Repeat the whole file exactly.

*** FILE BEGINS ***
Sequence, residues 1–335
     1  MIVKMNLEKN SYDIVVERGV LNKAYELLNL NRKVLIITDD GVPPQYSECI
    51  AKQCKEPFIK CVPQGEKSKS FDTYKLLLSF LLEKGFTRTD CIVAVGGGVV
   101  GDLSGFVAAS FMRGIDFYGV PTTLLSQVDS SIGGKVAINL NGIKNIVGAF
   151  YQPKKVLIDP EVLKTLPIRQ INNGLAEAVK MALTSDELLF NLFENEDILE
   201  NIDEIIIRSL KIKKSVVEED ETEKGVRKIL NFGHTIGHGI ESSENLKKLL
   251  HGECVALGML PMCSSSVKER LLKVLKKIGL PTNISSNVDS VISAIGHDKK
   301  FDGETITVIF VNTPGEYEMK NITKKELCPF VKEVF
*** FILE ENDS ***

Sequence, residues 1–335
     1  MIVKMNLEKN SYDIVVERGV LNKAYELLNL NRKVLIITDD GVPPQYSECI
    51  AKQCKEPFIK CVPQGEKSKS FDTYKLLLSF LLEKGFTRTD CIVAVGGGVV
   101  GDLSGFVAAS FMRGIDFYGV PTTLLSQVDS SIGGKVAINL NGIKNIVGAF
   151  YQPKKVLIDP EVLKTLPIRQ INNGLAEAVK MALTSDELLF NLFENEDILE
   201  NIDEIIIRSL KIKKSVVEED ETEKGVRKIL NFGHTIGHGI ESSENLKKLL
   251  HGECVALGML PMCSSSVKER LLKVLKKIGL PTNISSNVDS VISAIGHDKK
   301  FDGETITVIF VNTPGEYEMK NITKKELCPF VKEVF